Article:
The preference for diazeniumdiolate versus nitrosamine formation seems to be influenced by the structure of the amine precursor. Intramolecular hydrogen bonding is possible on the nitrosamine radical anion intermediate formed during diazeniumdiolate formation for polyamine compounds, but not monoamines. Specifically, neighboring amines may act to stabilize the nitrosamine intermediate in compounds derived from 4 and 5 in the form of N-H(...)O=N, which has recently been shown to be more stable than N-H(...)N=O.23 The lack of multiple amines on other compounds such as 13 do not allow for this type stabilization. While fully formed diazeniumdiolates and nitrosamines may both experience similar hydrogen bond stabilization, interruption of the reaction progression at the intermediate stage due to hydrogen bonding impedes the sequential addition of NO and thus the complete conversion to the diazeniumdiolate species. Although the influence of hydrogen bonding is decreased in polar solvents, collapse of the hydrophobic alkyl segments of the molecules may further facilitate such stabilizing interaction due to proximity of amines after chain collapse. Representative NO release curves for the monoamine 1 after treatment with NO indicate a strong preference of diazeniumdiolation, as NO release due to light is insignificant compared to that occurring in buffer immersion alone (Figure 4).

Figure 4
Real-time NO release of NO-treated 1 analyzed in 1.0 M NaOH with direct light (—), and PBS pH 7.4 (—). [Inset: enlarged view of NO flux in 1.0 M NaOH with direct light.]

Additional evidence supporting the hydrogen-bonding dependence on the observed nitrosamine products is confirmed with other polyamine compounds. As the amine spacing of polyamine compounds was increased from ethylene for 5 to butylene for 6 (as well as ethylene (5) to decylene (7)) the calculated nitrosamine:diazeniumdiolate ratio decreased (NO-release analysis, Table 1). Additionally, the UV absorbance due to nitrosamines decreased for 6 and 7 relative to 5, with a concomitant increase in the diazeniumdiolate absorbance (Figure 3). The shift from nitrosamine to diazeniumdiolate formation may be attributed to the increased strain associated with the formation of larger ring systems necessary for the intramolecular hydrogen bond stabilitization on the nitrosamine intermediate. The decreased ability for nitrosamine stabilization may facilitate the second NO addition, thus increasing the efficiency of diazeniumdiolate formation.

To address the incomplete diazeniumdiolate formation, alterations of the NO addition reactions were made. Experiments were performed by increasing both the total reaction time of the NO addition from 72 to 120 h and the amount of NO available for reaction by increasing the pressure of the NO reactor from 4 to 10 atm (maintaining a reaction time of 72 h). In both instances, the presence of nitrosamines was still observed for the polyamine compounds of interest (data not shown).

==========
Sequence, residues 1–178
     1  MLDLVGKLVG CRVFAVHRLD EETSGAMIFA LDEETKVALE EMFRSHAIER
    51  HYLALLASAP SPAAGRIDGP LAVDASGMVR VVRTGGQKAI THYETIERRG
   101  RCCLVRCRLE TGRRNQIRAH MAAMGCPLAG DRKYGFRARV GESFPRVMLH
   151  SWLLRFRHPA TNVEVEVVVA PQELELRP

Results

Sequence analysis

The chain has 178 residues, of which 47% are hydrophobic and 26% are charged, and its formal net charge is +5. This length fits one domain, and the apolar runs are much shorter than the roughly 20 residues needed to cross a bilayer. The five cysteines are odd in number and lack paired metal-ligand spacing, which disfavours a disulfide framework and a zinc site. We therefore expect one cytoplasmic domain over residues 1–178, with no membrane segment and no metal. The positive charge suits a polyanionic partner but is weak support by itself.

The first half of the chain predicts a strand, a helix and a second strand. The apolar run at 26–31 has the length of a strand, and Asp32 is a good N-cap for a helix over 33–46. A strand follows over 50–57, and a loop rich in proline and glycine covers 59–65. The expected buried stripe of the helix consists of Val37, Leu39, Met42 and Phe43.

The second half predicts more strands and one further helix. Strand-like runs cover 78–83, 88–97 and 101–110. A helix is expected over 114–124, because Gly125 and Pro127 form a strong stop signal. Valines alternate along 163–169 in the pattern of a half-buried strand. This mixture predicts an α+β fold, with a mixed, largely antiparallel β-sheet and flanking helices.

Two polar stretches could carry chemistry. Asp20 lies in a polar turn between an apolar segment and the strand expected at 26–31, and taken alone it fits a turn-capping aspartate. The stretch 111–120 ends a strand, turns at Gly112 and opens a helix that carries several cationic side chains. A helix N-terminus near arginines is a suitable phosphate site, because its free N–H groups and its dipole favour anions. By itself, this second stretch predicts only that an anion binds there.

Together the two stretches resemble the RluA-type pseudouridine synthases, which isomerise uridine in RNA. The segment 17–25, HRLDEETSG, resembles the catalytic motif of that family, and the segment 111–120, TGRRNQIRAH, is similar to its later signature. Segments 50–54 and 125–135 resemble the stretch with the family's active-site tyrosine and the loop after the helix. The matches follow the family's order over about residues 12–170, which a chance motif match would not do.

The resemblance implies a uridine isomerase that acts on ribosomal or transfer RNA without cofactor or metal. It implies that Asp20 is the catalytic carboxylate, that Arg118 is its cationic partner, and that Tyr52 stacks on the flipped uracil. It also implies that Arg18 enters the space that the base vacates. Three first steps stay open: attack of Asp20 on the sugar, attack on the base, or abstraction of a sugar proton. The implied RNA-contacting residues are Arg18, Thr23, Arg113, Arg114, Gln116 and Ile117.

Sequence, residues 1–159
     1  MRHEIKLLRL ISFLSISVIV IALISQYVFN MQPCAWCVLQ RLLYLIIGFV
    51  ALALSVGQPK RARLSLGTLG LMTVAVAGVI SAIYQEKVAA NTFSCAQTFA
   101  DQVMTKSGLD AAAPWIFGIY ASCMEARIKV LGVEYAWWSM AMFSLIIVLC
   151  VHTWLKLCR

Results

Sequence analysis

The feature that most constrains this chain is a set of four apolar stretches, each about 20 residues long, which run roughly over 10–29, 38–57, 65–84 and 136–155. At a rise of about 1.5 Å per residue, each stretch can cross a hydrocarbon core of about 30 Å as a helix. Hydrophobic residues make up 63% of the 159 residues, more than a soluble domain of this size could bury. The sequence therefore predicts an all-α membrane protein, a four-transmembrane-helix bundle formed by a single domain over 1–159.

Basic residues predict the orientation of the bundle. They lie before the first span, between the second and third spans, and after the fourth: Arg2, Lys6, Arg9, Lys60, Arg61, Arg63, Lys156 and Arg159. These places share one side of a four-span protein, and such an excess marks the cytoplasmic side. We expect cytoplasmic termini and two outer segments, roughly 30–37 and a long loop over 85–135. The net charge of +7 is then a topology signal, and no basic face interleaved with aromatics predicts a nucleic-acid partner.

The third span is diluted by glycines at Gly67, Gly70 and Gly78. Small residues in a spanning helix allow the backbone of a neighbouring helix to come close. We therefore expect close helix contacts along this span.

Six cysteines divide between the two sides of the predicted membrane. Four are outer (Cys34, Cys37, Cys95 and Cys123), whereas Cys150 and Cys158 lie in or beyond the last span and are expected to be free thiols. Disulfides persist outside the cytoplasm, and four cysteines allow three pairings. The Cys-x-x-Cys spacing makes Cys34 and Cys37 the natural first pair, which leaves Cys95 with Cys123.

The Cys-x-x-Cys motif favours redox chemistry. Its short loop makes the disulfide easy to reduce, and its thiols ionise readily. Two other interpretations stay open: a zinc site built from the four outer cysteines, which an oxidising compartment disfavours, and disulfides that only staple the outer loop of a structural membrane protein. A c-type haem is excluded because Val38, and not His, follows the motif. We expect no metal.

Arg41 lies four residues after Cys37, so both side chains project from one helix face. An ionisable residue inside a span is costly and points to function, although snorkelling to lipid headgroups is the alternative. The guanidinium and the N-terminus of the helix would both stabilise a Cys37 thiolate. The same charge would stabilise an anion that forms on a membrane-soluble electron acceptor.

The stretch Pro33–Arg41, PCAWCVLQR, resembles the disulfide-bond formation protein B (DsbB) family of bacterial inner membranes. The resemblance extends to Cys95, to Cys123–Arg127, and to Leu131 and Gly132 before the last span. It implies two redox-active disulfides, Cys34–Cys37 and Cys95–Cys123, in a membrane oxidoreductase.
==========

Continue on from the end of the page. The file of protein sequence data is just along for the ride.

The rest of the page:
Spectroscopic and NO-release analysis indicates that both diazeniumdiolates and nitrosamines form competitively with exposure of polyamines to high pressures of NO. The lack of stabilizing intramolecular hydrogen bonds for monamine compounds (e.g., 13) facilitates the conversion of nitrosamine intermediates to the intended diazeniumdiolates. However, molecules capable of forming intramolecular hydrogen bonds display an impeded level of diazeniumdiolate formation due to the increased stability of the nitrosamine intermediate. As the effects of NO derived from diazeniumdiolate degradation has been reported to be beneficial by numerous researchers, the results presented here indicate that the increased incidence of nitrosamine formation on polyamine scaffolds may pose concern for some applications of these NO donors. In contrast, the suitability of monoamine species as diazeniumdiolate donors is supported by minimal nitrosamine formation. Overall, the results suggest that current synthetic methods may require revision to minimize nitrosamine formation on polyamine compounds, or at least stringent characterization to confirm their absence.

Supplementary Material

1_si_001

Acknowledgment

This work was supported by the National Institutes of Health (NIH EB000708). The authors thank Dr. Matthew Crowe and Dr. Sohrab Habibi, Department of Chemistry, University of North Carolina at Chapel Hill, for assistance with product analysis.

Footnotes

Supporting Information Available Synthetic and experimental procedures and NMR spectra. This material is available free of charge via the Internet at http://pubs.acs.org